Home Wiring | House Rewire





• Modernizing Old Wiring

To handle increased electrical loads, it’s likely you’ll also need to upgrade electrical wiring, especially if your house is more than 40 years old. Consult with SafeSide Electrical Contractor, to ensure you’re advised on what’s best for your situation.

Upgrading your electrical wiring is a big job because the wires are located inside of walls, where they are difficult to get at without opening up walls. The price for a whole-house rewiring job—including opening up walls, running new wires, connecting switches, outlets and fixtures, and then repairing the mess—is $3,500 to $8,000 for an average-sized home.

Rewiring can be a messy and expensive proposition, but with a little upfront planning you can minimize the disruptions and even turn the job into an opportunity to add features that will increase the value of your home.

The best time to rewire is during a remodeling project, such as renovating your kitchen or adding a family room, when subcontractors are opening up your walls anyway. That way, your electrician has easy access to the walls, and refinishing walls will be part of the larger remodeling project—not just the rewiring.

Structured wiring is a smart investment and may be a marketing advantage if you should decide to sell your home. Structured wiring is a generic term for any heavy-duty electrical and data cables designed to handle the latest entertainment and communication devices—and those yet to be invented—including phones, Internet, and household heating and lighting systems.

While a standard electrical upgrade essentially maintains the value of your home, adding structured wiring can increase it. According to a study by the Consumer Electronics Association and the National Association of Home Builders Research Center, almost 50% of homes built in 2008 included structured wiring, a sure sign of its growing value to home owners.

Wiring that was installed in a house many years ago, or even as recently as a decade ago, may not be adequate for the job it is called upon to do today. A complete rewiring job is in order-or is it? Do not jump to the conclusion that every outlet must be torn out and every receptacle replaced. Many times a less expensive job will serve the purpose.

If the wiring does not include an equipment grounding conductor, either in the form of a separate grounding conductor or a metallic raceway or cable armor, as is often the case for wiring over forty years old, consider completely rewiring all circuits.

Assuming an equipment grounding conductor is present, is the wiring inadequate because you are using too many lights? too many floor lamps? too many radios and TVs? That is seldom the case. The wiring usually is inadequate because you have added many electrical appliances that were not considered or perhaps were not even on the market at the time of the original wiring job. The installation does not provide enough circuits to operate a wide assortment of small kitchen appliances, plus range, water heater, clothes dryer, room air conditioners and other heavy appliances. Some of these operate on 240-volt circuits, which may not be available; others operate at 120 volts but when plugged into existing circuits they overload those circuits. In addition, the service entrance equipment may be just too small for the load.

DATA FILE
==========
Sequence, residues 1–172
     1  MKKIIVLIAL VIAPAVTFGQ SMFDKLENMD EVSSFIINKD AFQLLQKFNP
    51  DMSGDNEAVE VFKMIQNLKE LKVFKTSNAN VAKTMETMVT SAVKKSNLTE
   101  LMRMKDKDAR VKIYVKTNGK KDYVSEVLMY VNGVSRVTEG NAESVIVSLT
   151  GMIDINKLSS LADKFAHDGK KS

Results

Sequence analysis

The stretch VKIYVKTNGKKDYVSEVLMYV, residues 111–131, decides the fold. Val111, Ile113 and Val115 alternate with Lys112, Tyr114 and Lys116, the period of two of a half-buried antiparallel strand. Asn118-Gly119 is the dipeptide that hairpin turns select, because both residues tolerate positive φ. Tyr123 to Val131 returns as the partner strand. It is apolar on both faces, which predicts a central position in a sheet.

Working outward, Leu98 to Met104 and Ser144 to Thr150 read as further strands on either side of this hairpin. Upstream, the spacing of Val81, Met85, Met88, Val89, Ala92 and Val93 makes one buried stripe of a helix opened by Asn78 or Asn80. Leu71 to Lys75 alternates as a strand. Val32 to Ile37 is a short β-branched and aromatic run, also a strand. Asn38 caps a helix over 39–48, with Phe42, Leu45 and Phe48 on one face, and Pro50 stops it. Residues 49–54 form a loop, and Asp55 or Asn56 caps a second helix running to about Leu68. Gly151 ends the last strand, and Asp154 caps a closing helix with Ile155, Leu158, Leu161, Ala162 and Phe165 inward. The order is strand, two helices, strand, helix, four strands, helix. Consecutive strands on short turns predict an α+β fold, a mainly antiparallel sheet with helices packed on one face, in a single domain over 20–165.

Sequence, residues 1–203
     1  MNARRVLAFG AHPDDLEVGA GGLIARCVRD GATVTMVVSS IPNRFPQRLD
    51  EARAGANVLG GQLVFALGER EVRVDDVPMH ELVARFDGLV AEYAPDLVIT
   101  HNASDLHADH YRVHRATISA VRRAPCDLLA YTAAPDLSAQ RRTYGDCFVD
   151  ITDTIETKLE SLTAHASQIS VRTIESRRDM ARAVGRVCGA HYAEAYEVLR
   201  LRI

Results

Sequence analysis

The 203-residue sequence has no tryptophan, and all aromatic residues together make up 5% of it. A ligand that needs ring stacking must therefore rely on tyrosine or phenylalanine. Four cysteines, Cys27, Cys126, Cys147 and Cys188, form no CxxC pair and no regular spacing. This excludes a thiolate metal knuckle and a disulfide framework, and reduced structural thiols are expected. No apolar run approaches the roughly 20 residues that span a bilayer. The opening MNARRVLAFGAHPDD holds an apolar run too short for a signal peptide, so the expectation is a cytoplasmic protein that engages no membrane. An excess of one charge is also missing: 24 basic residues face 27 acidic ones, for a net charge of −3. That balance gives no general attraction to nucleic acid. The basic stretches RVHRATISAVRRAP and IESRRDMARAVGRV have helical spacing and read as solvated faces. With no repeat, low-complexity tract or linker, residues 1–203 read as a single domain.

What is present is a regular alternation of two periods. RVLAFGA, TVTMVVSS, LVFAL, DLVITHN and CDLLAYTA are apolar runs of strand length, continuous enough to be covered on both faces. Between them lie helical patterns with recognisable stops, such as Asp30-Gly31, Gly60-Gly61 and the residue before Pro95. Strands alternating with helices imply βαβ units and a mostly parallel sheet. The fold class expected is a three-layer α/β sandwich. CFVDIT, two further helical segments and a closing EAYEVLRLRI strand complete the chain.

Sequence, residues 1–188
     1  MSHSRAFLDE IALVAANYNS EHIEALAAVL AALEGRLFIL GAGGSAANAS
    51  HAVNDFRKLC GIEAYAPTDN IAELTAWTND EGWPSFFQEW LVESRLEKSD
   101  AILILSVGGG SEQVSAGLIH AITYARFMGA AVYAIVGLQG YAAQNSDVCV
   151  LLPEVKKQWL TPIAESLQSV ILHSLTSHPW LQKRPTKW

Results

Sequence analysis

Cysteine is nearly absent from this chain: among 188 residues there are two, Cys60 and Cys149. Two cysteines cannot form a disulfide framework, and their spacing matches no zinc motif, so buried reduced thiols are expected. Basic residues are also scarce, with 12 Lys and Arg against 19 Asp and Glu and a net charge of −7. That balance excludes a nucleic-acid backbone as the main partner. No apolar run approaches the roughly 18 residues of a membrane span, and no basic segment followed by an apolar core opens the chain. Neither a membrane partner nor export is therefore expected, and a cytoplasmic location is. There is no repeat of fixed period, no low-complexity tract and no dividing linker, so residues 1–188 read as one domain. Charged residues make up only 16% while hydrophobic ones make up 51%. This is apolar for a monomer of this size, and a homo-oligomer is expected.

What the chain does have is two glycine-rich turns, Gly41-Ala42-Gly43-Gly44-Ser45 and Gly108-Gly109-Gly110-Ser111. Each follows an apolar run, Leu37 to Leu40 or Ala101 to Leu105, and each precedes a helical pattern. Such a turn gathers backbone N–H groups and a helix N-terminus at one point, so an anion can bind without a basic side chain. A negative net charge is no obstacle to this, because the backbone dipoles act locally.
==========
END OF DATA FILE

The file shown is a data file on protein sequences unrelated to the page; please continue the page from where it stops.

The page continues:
To analyze the problem of your particular house, ask yourself this: If you disconnected all the appliances, would you have all the lighting circuits you need? The answer is probably yes, which means that your rewiring job is simplified. You will still have to rewire the house, but probably not as completely as first appeared necessary. Proceed as if you were starting with a house that had never been wired, but leave the existing lighting circuits intact.

Electrical wiring

Building wiring is the electrical wiring and associated devices such as switches, meters and light fittings used in buildings or other structures. Electrical wiring uses insulated conductors. Wiring safety codes vary by country, and the International Electro technical Commission (IEC) is attempting to standardize wiring amongst member countries. Wires and cables are rated by the circuit voltage, temperature and environmental conditions (moisture, sunlight, oil, chemicals) in which they can be used. Color codes are used to distinguish line, neutral and ground (earth) wires.

Wiring methods

Materials for wiring interior electrical systems in buildings vary depending on:

Intended use and amount of power demand on the circuit

Type of occupancy and size of the building

National and local regulations

Environment in which the wiring must operate.

Wiring systems in a single family home or duplex, for example, are simple, with relatively low power requirements, infrequent changes to the building structure and layout, usually with dry, moderate temperature and non-corrosive environmental conditions. In a light commercial environment, more frequent wiring changes can be expected, large apparatus may be installed and special conditions of heat or moisture may apply. Heavy industries have more demanding wiring requirements, such as very large currents and higher voltages, frequent changes of equipment layout, corrosive, or wet or explosive atmospheres. In facilities that handle flammable gases or liquids, special rules may govern the installation and wiring of electrical equipment in hazardous areas. Wires and cables are rated by the circuit voltage, temperature rating and environmental conditions (moisture, sunlight, oil, chemicals) in which they can be used. A wire or cable has a voltage (to neutral) rating and a maximum conductor surface temperature rating. The amount of current a cable or wire can safely carry depends on the installation conditions.